Nowhere man

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It seems that Steve Clark and the Ford government have really lost their heads. Having previously stated that opposition to the proposed Kemptville prison was manufactured and stirred up by outside vested interests, and not the local residents in CAPP and JOG, Clark has now issued a formal complaint to Elections Canada that the two groups are breaking election spending laws in printing and distributing signs and information exposing the underhand ways of the government.

Steve Clark may think he’s simply following the laws, laws which his government brought in to silence dissent and criticism of their activities, but he has only further damaged his standing in this community. Once again, it is not a matter of being for or against the prison plan, that is a personal choice. But to act in such arbitrary ways in imposing the prison without consultation with the community, then hiding the documents which show that Kemptville did not meet their criteria for where to put such a prison, then telling a Toronto newspaper that opposition to the prison came from vested interests outside the community, now directing the attention of Elections Canada against CAPP and JOG: all of this is a pattern of behaviour that is not acceptable in a democratic system.

Steve Clark and Doug Ford and coterie passed legislation this summer invoking the “notwithstanding clause” in the Charter of Rights and Freedoms” placing spending limits of $600,000 on third-party advertising in the 12 months before an election. Any organization spending more than $500 on political advertising must now also register as a third party. CAPP and JOG have been included in that restriction, which only serves to limit, if not stifle, legitimate criticism of government actions, or local popular campaigns against government decisions, such as the prison issue.

It is hard to understand how a reasonable and decent man like Steve Clark could be part of a government that passes such autocratic laws, or to accept that this is the same man who served this community so well before he gained power. Power corrupts, as they say, and this seems to be a prime example of the theory.

What this means, in practice, is that local community groups, such as CAPP and JOG, who are effective at exposing government behaviour, are threatened with legal penalties. Faced with the unrestricted financial and political power of government, they have to watch their step, limit their activities, and endeavour to successfully carry on their campaigns with one hand tied behind their backs.

The lesson to be learned from the actions of Minister Clark (he of the multiple ministerial zoning orders) and Doug Ford is that residents and taxpayers, citizens of this province, have to be careful not to be effective and responsible critics of their political masters, or they will be threatened and silenced. This is not the way Canada, or Ontario, is supposed to be. Politics in this province may have all the faults of elected and unelected powers found in every democracy, but this goes beyond what is acceptable.

Once again, it doesn’t matter whether you like or dislike the prison proposal, or even if you’re apathetic about it. This has now gone beyond those discussions. What we are dealing with now is a government which not only imposes its will on citizens without appeal, but one that attempts to punish those citizens if they dare to raise legitimate questions about government policies and actions. Even worse, it punishes citizens who do so effectively.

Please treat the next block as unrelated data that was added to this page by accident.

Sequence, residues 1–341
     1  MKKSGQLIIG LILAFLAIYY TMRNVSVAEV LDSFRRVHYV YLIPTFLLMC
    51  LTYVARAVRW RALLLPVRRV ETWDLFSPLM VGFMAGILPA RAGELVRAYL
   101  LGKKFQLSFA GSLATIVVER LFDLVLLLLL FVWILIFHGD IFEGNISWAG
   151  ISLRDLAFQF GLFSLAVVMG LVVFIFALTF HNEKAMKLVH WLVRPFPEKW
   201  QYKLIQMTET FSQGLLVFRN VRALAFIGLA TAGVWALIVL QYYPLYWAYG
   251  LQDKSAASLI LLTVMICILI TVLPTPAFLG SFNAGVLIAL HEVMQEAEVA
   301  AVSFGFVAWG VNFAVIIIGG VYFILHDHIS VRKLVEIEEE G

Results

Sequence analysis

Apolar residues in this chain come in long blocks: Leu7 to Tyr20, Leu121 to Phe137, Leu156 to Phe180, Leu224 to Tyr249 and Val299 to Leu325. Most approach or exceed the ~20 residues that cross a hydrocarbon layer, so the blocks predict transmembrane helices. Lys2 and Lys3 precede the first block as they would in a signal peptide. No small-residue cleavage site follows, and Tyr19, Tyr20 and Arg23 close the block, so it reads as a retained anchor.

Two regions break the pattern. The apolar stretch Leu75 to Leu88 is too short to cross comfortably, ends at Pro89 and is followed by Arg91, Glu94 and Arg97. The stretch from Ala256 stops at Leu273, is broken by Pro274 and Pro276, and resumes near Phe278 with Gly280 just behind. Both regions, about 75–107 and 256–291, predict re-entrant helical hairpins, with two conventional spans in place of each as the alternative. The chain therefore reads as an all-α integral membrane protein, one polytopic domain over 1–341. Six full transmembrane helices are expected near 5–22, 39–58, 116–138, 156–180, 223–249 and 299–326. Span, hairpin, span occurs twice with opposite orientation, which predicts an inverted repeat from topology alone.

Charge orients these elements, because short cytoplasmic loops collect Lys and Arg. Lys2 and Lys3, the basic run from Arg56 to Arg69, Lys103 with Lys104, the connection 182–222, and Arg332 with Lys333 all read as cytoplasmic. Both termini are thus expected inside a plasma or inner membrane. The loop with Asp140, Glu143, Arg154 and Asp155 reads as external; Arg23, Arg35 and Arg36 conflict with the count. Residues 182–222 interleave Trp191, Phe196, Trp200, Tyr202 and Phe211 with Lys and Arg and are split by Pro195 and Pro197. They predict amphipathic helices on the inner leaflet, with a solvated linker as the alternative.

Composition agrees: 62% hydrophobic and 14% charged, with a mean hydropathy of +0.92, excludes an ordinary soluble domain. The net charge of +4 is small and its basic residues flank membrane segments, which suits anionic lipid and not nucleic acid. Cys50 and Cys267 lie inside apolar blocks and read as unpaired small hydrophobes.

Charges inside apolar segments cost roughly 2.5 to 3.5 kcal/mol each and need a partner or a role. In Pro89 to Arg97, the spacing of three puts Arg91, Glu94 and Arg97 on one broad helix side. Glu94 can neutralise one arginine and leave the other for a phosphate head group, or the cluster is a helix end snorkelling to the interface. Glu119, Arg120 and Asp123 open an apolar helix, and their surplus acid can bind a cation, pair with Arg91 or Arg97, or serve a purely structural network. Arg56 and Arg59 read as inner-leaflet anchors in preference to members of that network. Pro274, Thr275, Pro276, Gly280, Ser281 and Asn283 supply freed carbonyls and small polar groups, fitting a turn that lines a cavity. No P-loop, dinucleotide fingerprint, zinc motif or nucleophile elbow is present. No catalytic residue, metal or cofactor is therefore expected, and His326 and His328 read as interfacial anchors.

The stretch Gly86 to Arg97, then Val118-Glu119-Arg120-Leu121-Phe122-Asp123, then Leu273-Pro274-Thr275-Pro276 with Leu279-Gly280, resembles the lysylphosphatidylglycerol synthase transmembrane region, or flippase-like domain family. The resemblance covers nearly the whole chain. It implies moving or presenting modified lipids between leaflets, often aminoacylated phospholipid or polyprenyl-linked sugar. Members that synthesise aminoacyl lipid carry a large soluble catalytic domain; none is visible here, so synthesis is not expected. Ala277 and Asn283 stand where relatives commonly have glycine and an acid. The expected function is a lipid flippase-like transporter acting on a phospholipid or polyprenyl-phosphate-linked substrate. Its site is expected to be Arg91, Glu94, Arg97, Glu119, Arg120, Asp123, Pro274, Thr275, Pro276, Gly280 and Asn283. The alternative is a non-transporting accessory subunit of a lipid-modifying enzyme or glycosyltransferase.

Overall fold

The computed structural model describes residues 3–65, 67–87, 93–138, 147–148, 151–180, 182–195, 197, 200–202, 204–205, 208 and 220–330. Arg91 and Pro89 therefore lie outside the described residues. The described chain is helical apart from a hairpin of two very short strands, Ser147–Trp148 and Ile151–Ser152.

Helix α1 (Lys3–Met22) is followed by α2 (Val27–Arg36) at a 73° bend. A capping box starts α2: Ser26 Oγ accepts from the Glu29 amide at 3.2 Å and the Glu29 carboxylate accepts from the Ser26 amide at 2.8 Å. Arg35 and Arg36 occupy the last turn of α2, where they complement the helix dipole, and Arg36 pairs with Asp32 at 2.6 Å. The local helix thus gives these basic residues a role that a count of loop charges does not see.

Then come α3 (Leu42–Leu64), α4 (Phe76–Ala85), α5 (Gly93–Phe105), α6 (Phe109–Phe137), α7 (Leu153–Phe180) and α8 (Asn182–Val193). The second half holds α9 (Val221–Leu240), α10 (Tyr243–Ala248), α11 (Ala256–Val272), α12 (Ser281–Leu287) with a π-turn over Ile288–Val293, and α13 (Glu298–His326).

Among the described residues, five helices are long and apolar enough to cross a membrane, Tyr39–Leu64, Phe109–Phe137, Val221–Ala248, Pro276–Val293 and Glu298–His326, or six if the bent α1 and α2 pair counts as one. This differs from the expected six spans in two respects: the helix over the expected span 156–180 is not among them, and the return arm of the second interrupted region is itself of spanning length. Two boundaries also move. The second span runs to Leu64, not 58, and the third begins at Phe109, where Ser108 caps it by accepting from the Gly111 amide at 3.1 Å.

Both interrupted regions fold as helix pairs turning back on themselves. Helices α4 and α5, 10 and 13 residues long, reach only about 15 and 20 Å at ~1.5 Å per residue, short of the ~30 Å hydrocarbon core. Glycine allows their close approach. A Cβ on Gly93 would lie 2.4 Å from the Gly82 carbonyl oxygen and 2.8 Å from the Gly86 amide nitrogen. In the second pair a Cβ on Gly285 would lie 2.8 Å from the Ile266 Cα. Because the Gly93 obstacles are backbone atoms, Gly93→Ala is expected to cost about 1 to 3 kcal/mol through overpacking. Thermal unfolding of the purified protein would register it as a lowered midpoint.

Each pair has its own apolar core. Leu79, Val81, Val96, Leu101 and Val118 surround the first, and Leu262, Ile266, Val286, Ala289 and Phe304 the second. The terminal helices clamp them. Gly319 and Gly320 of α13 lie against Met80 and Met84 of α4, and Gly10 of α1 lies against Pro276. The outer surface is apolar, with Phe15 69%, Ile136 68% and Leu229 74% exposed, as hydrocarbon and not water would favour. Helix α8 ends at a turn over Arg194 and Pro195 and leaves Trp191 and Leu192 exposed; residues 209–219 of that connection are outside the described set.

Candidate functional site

Perhaps this government rests easy in the assurance that this Riding has never elected anything other than a Conservative. Perhaps, though, even loyal Conservatives may start to question if these are the actions of a true Conservative administration. We may be used to such political parties favouring the rich and privileged, but Steve Clark’s use of multiple ministerial zoning orders has even led to investigations into how much they have favoured specific developers in Ontario.

Let me use a technical term about all this: it stinks. There is a pattern of arrogant abuse of this community by this government. Taking us for granted, believing that no rival political party could ever replace them at Queen’s Park, these are not the actions and attitudes of friends. Or elected representatives. Should Elections Canada take any legal action against CAPP or JOG over the prison campaign, then they are taking action against all of us, regardless of our opinion on the prison, or how we choose to vote.

Notice in this issue of the Times that Steve Clark has an announcement that there will, indeed, be public consultation on the prison, to take place next month at some point. But what are we being consulted about? Is it a response to CAPP and JOG? No, we are being asked to weigh in on the design of the facility. There is something incredibly insulting in such a “consultation”. No, we’re not allowed to talk about whether the prison is going to be good or bad for the people and community of North Grenville. In fact, if we try and discuss that aspect of the plan, Elections Canada and other legal measures may be taken to shut us up. But, in the great and condescending generosity of Steve Clark and Doug Ford, we may have a say in the colour paint that gets put on the walls!

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